Wednesday, August 19, 2015

2 days short of 8 months

2 days short of 8 months. Since mom passed away. 

It is unbelievable in some sense that life has continued (for others… for me) after her. Some days it feels like it was just yesterday that she was hale and hearty, being her usual energetic, relentlessly talkative, always ready to listen to me, sometimes unbearably opinionated, self. Then some days it feels like it was just yesterday that she could barely sit up in bed – in fact, could not sit up, but would try to, breathing heavily, breathing with a noise?sound? that will remain in my head forever.

But much has happened in the past 8 months. Yes, things at work, a work and holiday trip to South Africa, but what stands out foremost for me in the progression of time over the past 8 months (2 days short of) are the shifts in my non-work life in relation to my dad and his home. My home now. Well, it was always my home, but I also had my own home. Which I do not anymore. Since more than a month now, I have been living with dad, and about three weeks ago I decided to give up my apartment and move in fully with dad. I will not dwell on why and what etc of that (in fact, in my experience, I do not have to explain why I have moved in with him – if at all, I had to explain why I was not moving in with him, because it was unfathomable to folks other than me, my dad, brother, sister-in-law and maybe 2-3 friends, why I would want to live by myself when he was alone and I was alone. Someone once asked me "don't you get along with your dad?" Um, I do, so what? Anyway, that is another story and I do not want to digress tonight). What I wanted to write of here is how this process (of moving in with dad) has forced me to shed: some of my stuff, mainly furniture; also a lot of furniture and other material possessions at my parents’ home in order to make space for my stuff. This is what this post is about (though it might veer off into something else): Shedding stuff. Shedding some of my private space. Shedding attachments. And the journey that I anticipate as a result of this shedding.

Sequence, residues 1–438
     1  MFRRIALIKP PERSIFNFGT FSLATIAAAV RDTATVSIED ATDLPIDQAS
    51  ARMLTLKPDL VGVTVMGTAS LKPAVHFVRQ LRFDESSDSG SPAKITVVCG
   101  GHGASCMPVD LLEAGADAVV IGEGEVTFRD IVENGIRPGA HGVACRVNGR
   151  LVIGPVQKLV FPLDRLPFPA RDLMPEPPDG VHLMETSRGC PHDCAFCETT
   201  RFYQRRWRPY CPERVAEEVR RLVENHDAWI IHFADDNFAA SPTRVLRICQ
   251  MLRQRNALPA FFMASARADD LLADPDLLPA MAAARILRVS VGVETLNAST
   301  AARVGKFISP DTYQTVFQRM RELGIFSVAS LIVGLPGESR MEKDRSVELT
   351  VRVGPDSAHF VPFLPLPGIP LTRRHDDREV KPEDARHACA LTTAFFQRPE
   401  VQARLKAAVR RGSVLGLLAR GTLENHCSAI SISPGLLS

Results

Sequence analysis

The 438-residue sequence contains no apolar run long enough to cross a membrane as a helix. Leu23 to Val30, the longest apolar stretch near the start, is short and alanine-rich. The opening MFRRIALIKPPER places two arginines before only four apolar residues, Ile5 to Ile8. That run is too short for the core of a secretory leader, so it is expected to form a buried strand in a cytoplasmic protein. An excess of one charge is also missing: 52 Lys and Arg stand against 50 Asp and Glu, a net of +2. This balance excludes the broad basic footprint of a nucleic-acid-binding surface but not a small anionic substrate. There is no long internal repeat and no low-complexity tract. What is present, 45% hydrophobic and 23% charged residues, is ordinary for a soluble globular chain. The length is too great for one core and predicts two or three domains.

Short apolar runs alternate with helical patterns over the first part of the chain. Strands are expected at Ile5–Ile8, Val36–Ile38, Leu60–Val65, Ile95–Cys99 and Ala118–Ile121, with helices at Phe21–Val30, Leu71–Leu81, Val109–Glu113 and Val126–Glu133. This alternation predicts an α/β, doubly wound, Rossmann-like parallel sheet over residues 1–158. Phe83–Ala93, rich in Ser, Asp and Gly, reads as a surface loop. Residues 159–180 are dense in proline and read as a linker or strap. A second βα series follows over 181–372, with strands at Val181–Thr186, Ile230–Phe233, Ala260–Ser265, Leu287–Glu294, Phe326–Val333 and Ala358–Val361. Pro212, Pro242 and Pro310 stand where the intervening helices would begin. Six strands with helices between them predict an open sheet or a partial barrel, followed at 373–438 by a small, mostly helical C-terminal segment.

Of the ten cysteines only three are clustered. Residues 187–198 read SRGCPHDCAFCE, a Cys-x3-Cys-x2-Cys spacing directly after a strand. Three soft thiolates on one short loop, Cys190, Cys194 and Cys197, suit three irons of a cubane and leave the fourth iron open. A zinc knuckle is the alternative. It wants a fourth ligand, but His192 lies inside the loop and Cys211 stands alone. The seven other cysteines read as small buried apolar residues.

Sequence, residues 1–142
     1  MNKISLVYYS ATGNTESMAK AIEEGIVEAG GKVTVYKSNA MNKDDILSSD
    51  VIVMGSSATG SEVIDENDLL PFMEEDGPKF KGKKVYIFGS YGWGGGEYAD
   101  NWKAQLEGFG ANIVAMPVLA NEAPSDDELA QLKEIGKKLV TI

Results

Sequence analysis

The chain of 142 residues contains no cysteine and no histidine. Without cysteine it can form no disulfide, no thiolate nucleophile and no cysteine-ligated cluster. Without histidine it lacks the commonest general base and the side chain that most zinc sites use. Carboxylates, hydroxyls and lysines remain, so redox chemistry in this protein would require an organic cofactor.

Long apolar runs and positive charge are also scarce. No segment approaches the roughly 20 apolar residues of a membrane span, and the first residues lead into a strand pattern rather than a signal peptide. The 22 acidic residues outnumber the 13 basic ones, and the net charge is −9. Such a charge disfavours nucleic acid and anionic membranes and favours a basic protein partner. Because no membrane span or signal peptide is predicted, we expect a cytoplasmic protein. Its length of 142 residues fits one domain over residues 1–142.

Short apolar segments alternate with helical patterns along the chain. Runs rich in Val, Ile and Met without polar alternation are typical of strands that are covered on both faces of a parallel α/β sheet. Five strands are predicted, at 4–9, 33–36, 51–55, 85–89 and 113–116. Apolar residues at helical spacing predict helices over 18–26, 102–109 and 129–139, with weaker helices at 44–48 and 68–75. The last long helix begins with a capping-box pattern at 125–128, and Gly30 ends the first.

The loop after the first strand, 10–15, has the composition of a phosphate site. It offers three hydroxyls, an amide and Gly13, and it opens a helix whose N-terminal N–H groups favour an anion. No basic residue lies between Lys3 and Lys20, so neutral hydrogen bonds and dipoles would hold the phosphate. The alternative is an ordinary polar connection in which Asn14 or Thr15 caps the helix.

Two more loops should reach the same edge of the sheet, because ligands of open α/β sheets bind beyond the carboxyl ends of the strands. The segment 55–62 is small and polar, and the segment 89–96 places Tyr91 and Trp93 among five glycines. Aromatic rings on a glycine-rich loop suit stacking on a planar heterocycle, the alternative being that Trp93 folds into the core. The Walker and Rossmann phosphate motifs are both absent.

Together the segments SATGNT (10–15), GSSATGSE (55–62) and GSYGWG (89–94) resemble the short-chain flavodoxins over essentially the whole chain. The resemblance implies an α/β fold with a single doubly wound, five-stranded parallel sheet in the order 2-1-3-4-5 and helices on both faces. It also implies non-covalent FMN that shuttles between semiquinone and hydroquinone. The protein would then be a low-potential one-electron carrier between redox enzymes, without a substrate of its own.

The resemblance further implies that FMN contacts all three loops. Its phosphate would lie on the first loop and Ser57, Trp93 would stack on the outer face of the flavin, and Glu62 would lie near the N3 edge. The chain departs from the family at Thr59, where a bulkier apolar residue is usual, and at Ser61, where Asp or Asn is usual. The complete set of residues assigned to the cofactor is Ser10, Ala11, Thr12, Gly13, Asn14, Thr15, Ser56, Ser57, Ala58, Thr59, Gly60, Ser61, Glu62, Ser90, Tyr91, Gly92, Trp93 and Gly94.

Tonight as I sit in my bedroom – what used to be the study in my parents’ home – I see the photo tackboard propped up on a table, waiting for me to decide what to do with it.